Las Termales de Santa Rosa

Since our flight from Bucaramanga was cheapest to Pereira, a city without a whole lot to see or do, I did a bit of research and discovered there were some natural thermal baths just a bit out of town. After exploring the town on Wednesday night, we got up bright and early on Thursday determined to make it to these Termales de Santa Rosa before heading on to Salento for the rest of our trip. We stayed at Kolibri Hostel, which I highly recommend, and asked them how to get to Santa Rosa. The man working literally told us to walk past the gothic church, turn right, make an immediate left, and then look for a man shouting Santa Rosa on the street. Sure enough, walking down that street, we saw a skinny, dirty, old Colombian man standing on the street corner with a bus behind him…literally shouting “Santa Rosa!” repeatedly.

Really neat chalkboard at our hostel. Can't believe this was done all in chalk!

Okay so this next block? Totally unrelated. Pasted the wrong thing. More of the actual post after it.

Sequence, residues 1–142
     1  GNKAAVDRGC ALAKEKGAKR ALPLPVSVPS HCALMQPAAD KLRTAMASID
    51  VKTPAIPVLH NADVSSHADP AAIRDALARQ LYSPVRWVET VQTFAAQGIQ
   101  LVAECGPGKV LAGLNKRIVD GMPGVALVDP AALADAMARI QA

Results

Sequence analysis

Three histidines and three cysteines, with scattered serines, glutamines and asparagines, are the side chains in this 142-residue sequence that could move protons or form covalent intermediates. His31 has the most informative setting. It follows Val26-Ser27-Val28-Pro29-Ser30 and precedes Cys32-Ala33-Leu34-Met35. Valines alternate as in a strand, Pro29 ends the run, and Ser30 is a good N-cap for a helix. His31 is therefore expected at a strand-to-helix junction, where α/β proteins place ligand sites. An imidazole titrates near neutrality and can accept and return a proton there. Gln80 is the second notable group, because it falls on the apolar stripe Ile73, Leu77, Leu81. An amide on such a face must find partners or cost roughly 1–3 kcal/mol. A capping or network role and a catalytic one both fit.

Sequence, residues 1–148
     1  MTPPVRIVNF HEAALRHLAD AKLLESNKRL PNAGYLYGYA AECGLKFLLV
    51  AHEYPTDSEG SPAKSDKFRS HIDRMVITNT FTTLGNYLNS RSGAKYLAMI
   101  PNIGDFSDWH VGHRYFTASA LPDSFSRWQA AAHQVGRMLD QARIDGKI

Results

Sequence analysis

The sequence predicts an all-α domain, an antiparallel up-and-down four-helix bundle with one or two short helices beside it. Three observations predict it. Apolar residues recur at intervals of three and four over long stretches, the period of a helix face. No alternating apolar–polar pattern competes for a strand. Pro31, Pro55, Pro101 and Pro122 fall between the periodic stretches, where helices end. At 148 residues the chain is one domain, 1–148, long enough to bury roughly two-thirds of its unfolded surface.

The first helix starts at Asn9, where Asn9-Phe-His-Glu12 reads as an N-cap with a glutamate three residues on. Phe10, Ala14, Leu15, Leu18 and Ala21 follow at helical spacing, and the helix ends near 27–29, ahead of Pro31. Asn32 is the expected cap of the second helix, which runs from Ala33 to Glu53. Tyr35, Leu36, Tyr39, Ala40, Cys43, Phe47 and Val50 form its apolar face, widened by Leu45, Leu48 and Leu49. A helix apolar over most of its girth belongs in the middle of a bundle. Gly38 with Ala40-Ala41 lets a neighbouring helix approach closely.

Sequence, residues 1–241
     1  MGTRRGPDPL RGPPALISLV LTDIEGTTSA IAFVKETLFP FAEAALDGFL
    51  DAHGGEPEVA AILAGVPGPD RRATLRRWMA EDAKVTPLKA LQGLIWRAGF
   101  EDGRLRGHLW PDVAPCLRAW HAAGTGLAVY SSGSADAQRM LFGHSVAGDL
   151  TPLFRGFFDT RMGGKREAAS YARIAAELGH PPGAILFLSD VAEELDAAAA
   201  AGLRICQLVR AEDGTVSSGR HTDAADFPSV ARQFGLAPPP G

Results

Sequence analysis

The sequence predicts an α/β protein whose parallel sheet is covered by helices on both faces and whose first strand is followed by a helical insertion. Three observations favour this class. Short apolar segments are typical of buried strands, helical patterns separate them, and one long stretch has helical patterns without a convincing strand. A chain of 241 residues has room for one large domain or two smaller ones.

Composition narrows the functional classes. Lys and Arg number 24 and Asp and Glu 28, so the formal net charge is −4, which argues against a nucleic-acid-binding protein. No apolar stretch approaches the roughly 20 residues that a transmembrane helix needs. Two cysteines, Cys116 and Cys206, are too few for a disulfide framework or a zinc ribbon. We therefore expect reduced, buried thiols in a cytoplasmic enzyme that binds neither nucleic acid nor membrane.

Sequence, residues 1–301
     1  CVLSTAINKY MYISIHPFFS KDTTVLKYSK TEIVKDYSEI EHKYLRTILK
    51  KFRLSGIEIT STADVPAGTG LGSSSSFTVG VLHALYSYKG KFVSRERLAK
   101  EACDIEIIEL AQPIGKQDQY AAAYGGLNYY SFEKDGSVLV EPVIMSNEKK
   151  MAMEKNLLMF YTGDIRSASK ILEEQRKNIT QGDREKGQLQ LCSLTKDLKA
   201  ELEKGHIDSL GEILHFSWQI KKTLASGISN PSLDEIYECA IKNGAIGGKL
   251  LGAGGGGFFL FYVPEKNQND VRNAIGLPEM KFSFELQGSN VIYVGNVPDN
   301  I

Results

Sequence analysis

Really neat chalkboard at our hostel. Can’t believe this was done all in chalk!

The bus costs 1,800 mil and goes about 20 minutes out of Pereira through some sketchy parts of town. Then it dropped us off on a random street corner in Santa Rosa. We had no idea where we were or where to go, so I asked a random lady who straight up ignored me. Then we asked a group of police officers, they told us to go down a few blocks because it was by the police station and near where the “stop” was. We followed the directions, which were wrong, but eventually found the street corner by the station. On the way, we clearly stuck out with our bright raincoats and tennis shoes, and so we got plenty of looks and comments. One man even came up and inquired where we were headed, and then, with keys in hand, offered to take us himself. We insisted we wanted the chiva bus, but he told us it didn’t run on Thursdays. Naturally, we’re paranoid and assumed he just wanted us to get in his vehicle, so I firmly kept telling him no. Finally he walked away.

The bus drivers here love decking out the bus....with fringe.

The bus drivers here love decking out the bus….with fringe.

While waiting at the street corner, gazing at the goat tied up across from us and the stray dogs milling around, two more men came up offering to take us to the Termales. Although we were starting to wonder if they were right and the bus wasn’t coming today, we still kept saying no.